Spokane’s homeless population increased 12 percent over last year, ending a three-year downward trend, according to the county’s annual one-night snapshot.
The most significant increase is among those who live on the streets, most of whom are considered chronically homeless – up 158 percent compared to 2013. People are considered chronically homeless when they’ve been without housing for more than a year or at least four times in three years.
There are 1,149 homeless people in Spokane County, according to the Homeless Point-In-Time Count. Spokane’s first such census in 2006 counted 1,592 homeless.
Sheila Morley, a program coordinator for the city of Spokane’s Community, Housing and Human Services department, said it’s likely the chronically homeless number jumped because the people doing the counting were more successful reaching that population.
“I think we’ve done a lot in the past 12 months to increase engagement with the chronically homeless. I anticipated that number to increase and give us a truer number of that population,” she said.
On the other hand, targeted efforts to find shelter for homeless families and veterans are apparently working; both populations were down.
One Spokane program, for example, called Homeless Families Coordinated Assessment, continues to bring results as the city collaborates with charities to provide housing, clothing, food and health care. The number of homeless families dropped 4 percent last year, continuing a four-year trend representing a 47 percent aggregate drop since 2011.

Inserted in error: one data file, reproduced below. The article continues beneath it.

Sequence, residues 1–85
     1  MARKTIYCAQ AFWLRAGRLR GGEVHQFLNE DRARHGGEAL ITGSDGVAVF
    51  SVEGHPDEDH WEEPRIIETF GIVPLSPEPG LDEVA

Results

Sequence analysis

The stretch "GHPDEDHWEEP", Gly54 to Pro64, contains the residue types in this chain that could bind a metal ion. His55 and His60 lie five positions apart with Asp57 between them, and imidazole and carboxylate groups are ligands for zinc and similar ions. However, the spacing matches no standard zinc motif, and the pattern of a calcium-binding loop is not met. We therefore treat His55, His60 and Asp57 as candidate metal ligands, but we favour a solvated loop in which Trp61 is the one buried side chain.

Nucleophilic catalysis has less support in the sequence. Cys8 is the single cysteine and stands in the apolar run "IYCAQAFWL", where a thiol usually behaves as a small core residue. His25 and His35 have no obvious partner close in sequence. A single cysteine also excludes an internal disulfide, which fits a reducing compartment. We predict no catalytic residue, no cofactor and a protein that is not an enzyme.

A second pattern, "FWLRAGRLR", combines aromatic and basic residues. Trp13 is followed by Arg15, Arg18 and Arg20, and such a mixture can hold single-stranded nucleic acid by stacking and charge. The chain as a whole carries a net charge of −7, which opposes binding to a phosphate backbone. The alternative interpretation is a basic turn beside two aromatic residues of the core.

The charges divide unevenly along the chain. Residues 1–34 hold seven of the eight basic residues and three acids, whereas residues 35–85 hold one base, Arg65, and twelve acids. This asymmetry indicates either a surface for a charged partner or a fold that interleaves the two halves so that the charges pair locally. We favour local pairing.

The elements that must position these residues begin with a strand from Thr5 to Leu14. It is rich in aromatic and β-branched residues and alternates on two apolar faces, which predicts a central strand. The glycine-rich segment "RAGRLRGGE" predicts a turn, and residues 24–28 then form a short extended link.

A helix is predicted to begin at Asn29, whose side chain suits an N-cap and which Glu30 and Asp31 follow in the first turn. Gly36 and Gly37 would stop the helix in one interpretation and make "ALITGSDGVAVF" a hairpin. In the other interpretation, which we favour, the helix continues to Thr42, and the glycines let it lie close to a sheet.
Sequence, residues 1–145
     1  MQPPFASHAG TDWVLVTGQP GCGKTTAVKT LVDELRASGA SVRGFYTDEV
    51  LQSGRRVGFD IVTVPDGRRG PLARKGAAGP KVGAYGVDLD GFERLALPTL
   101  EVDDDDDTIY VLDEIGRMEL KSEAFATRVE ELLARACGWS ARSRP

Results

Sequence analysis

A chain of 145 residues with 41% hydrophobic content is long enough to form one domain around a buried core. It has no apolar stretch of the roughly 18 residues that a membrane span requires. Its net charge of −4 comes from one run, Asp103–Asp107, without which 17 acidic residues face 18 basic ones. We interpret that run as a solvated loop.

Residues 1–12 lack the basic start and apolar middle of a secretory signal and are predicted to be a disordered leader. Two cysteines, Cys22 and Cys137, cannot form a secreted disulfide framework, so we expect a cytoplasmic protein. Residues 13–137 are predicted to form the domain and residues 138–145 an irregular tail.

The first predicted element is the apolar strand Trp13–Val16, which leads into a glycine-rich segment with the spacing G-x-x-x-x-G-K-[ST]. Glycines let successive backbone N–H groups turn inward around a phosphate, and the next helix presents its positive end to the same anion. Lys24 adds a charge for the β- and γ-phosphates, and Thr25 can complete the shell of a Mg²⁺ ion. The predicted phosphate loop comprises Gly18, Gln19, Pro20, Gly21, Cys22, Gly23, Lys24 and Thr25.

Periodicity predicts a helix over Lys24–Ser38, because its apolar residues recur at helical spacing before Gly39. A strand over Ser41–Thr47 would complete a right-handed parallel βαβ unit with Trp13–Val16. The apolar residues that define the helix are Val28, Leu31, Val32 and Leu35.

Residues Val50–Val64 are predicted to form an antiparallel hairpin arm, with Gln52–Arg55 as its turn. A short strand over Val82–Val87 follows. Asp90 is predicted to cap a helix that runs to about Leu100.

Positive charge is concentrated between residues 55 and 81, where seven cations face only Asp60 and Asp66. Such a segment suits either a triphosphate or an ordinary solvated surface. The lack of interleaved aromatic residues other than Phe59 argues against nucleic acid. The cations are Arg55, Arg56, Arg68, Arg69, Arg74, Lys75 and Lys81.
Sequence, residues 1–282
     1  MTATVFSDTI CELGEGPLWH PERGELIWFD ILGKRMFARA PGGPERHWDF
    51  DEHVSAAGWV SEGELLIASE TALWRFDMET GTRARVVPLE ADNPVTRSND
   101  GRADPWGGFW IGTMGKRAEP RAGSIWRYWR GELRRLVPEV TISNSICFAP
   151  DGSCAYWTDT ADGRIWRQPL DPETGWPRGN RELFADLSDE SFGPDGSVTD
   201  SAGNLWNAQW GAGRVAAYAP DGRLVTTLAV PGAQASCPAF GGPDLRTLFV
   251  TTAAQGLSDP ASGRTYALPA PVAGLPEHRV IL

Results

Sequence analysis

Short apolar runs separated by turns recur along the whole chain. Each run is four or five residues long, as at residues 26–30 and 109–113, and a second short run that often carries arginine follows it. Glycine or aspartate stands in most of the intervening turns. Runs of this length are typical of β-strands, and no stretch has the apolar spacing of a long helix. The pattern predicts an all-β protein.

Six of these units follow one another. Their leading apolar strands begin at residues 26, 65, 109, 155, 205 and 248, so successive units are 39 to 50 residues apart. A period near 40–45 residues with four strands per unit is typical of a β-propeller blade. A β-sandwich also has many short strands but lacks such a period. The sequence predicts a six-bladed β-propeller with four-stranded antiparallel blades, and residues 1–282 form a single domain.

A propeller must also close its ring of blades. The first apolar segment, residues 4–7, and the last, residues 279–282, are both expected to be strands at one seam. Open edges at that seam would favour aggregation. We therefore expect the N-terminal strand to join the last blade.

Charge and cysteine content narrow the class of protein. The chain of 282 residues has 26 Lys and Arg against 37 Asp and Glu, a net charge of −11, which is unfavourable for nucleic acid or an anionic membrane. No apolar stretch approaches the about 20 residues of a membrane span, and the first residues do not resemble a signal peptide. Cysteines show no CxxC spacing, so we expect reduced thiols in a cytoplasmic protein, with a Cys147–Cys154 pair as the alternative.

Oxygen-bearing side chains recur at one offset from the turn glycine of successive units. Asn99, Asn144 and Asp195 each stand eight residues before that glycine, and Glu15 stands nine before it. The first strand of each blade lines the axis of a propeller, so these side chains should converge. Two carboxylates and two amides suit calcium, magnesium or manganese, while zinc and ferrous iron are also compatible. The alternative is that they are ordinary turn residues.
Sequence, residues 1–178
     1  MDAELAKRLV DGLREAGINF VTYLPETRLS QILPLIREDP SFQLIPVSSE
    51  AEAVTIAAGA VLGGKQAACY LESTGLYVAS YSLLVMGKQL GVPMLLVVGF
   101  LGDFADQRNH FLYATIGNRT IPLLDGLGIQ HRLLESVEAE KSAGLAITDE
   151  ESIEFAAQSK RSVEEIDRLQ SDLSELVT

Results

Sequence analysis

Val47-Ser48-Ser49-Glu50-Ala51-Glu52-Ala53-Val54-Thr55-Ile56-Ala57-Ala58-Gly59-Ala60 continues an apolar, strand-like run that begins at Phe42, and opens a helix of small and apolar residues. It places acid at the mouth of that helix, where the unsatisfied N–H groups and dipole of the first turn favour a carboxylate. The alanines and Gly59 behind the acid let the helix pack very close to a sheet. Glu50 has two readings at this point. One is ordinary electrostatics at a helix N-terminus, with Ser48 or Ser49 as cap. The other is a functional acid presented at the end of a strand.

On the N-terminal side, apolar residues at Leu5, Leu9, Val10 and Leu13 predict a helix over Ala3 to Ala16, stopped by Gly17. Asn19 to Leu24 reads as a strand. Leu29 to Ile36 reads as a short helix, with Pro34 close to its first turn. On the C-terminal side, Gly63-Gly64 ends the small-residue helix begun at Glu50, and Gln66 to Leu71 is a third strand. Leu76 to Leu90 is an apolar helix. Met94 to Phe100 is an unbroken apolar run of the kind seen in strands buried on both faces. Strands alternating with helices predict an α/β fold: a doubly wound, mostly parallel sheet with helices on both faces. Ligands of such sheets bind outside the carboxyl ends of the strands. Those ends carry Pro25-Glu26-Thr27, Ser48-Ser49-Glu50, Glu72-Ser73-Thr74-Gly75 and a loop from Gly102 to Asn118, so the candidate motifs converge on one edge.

The number of homeless veterans identified in the count fell 37 percent, which Morley attributes to programs that help connect veterans with help.
“We have worked hard to direct resources where they are needed most and provide assistance in a coordinated manner,” said Jerrie Allard, director of the city’s Community, Housing and Human Services department. “Those investments have helped us make gains with families and veterans, although we recognize there is still much work to do to end homelessness in Spokane.”
The goal of the countywide point-in-time count is to identify gaps in service that government officials and nonprofits need to address.
This year’s results will help guide homeless advocates and programs to “where we are going to need to put our resources next,” Morley said.